Related presentations

Related pages

Göteborg – Wikipedia

Göteborg? / i (schwed. [ˌʝøtəˈbɔrj]; deutsch veraltet Gotenburg oder Gothenburg; lat. Gothoburgum, engl. Gothenburg, dän. Gøteborg) ist eine ...
Read more

Gothenburg – Wikipedia

Gothenburg bezeichnet. Gothenburg (Nebraska), ein Ort in den Vereinigten Staaten; Gothenburg (Schiff), ein 1875 gesunkenes Passagierschiff; Siehe auch:
Read more

Official Visitor Guide to Gothenburg - Goteborg.com

Christmas City Gothenburg. See everything that happens in this year's Christmas City Gothenburg. Explore the Christmas City
Read more

Gothenburg- Sweden - VisitSweden: The official guide to ...

Gothenburg - World-class seafood, world-class restaurants and a coastline and archipelago to die for.
Read more

Gothenburg - Wikipedia

Gothenburg (English pronunciation: / ˈ ɡ ɒ θ ən b ɜːr ɡ /; Swedish: Göteborg, pronounced [jœtɛˈbɔrj] ) is the second-largest city in Sweden ...
Read more

Gothenburg 2016: Best of Gothenburg, Sweden Tourism ...

Gothenburg Tourism: TripAdvisor has 85,052 reviews of Gothenburg Hotels, Attractions, and Restaurants making it your best Gothenburg resource.
Read more

Göteborg - Schweden - VisitSweden: Der offizielle Guide ...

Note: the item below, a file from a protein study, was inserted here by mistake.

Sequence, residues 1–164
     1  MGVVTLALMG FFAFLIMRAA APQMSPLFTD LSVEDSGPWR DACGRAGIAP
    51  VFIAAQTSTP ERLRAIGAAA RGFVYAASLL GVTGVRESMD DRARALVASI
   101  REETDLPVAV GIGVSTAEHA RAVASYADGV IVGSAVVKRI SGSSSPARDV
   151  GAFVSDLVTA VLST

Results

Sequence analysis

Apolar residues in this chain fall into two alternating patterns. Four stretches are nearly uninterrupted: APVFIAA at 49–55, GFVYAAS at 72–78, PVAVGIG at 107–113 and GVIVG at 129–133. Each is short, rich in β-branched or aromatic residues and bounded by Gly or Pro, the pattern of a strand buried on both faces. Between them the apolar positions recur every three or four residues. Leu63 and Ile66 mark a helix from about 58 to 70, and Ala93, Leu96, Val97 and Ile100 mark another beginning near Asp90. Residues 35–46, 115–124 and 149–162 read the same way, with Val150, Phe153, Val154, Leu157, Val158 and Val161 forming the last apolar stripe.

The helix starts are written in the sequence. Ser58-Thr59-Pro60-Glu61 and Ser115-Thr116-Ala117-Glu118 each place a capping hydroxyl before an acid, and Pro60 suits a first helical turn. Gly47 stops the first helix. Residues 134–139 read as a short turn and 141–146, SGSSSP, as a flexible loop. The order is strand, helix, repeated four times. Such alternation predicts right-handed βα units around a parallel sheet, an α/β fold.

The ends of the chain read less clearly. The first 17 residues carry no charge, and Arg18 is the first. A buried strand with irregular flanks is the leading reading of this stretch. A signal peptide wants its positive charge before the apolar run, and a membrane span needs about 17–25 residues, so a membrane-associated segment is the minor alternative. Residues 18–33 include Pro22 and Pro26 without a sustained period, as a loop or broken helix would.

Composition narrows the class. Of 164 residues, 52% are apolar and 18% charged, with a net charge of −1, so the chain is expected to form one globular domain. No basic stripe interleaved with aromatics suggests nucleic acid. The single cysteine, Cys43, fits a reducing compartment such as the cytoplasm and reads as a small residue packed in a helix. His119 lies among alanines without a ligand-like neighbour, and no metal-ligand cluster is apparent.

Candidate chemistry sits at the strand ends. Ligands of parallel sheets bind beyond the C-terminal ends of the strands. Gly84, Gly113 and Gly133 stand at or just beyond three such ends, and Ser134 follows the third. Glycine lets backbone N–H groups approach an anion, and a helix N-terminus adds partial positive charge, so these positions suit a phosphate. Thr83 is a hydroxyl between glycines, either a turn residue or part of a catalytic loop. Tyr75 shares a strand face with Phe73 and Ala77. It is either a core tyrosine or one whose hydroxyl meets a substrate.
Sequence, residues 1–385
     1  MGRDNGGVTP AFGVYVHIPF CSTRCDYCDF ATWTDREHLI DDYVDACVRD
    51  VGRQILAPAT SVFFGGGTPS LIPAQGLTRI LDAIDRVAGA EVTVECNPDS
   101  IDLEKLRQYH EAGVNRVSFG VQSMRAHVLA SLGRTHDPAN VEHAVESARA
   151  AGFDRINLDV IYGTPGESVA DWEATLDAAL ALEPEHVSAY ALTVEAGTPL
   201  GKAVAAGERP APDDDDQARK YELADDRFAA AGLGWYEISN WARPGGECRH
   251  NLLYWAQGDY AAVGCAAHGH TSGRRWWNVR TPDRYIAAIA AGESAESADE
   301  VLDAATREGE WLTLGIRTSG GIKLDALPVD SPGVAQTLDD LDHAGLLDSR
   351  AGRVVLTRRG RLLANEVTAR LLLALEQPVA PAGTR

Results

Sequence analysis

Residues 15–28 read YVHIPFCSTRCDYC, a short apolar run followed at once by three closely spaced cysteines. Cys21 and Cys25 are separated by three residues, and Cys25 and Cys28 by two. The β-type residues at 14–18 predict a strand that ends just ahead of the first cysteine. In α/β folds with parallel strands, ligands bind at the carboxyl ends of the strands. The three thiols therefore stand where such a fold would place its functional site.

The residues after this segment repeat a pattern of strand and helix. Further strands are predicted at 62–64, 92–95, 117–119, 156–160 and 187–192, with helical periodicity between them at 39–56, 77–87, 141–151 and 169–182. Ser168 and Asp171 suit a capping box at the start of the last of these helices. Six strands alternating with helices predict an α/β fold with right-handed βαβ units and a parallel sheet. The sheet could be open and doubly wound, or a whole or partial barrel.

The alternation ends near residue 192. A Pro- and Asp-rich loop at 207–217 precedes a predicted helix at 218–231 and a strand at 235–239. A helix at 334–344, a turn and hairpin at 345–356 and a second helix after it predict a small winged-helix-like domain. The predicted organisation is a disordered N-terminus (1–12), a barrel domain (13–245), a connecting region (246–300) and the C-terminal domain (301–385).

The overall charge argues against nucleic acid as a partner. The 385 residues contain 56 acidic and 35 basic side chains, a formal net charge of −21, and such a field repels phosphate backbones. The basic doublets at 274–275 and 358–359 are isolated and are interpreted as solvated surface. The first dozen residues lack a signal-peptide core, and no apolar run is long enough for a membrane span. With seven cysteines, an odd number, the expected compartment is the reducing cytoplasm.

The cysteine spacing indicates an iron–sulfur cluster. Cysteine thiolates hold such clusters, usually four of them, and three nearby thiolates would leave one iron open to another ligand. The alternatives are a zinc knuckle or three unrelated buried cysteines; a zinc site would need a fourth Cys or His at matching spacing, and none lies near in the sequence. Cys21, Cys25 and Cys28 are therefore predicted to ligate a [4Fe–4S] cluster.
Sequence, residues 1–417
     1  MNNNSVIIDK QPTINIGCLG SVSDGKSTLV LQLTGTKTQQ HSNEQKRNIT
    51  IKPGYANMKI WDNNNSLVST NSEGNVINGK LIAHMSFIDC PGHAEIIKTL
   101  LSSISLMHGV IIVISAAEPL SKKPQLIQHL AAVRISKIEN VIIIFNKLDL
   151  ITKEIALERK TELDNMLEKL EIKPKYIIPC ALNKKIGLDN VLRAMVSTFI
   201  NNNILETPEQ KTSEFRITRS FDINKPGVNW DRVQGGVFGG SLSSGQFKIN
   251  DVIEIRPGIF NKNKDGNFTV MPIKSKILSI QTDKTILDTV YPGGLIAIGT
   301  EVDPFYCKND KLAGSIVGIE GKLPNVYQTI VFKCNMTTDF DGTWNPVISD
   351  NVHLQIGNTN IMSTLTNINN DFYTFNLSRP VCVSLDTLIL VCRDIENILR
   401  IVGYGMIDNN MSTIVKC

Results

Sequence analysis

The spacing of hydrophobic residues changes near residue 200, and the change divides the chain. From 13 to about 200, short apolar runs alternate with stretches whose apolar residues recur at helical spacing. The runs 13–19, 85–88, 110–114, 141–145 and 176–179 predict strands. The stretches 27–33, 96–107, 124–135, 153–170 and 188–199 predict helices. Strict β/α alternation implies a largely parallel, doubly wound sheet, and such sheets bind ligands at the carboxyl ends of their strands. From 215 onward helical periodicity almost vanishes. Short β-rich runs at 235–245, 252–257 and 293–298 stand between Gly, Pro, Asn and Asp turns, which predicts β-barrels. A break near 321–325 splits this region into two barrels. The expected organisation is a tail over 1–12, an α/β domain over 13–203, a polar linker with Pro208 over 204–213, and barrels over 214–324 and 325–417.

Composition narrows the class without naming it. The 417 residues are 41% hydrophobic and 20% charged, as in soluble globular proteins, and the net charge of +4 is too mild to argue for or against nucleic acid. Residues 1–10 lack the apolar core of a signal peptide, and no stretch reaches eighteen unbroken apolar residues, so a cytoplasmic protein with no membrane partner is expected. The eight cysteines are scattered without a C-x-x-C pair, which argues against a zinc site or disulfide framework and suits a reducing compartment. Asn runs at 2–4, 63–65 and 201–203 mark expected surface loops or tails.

Ein ganzes Jahr voller farbenfroher Gartenerlebnisse – das verspricht das Großprojekt Gothenburg Green World 2016.
Read more

Die Top 10 Sehenswürdigkeiten in Göteborg 2016 - TripAdvisor

Gothenburg Escape Game. Escape House Gothenburg. Room Escape GBG. Oscar Fredriks Church. Nr. 23 von 115 Aktivitäten in Göteborg . 36 Bewertungen Kirchen
Read more

Gothenburg travel guide - Wikitravel

Gothenburg is the second largest city in Sweden with approximately 500,000 inhabitants in the municipality. It is situated on Sweden's west coast at the ...
Read more

Officiell besöksguide Göteborg - goteborg.com

Gothenburg Green World; Göteborgs Kulturkalas; Skolresan; Vetenskapsfestivalen; Västsverige; Hitta sevärdheter, evenemang, hotell, restauranger och ...
Read more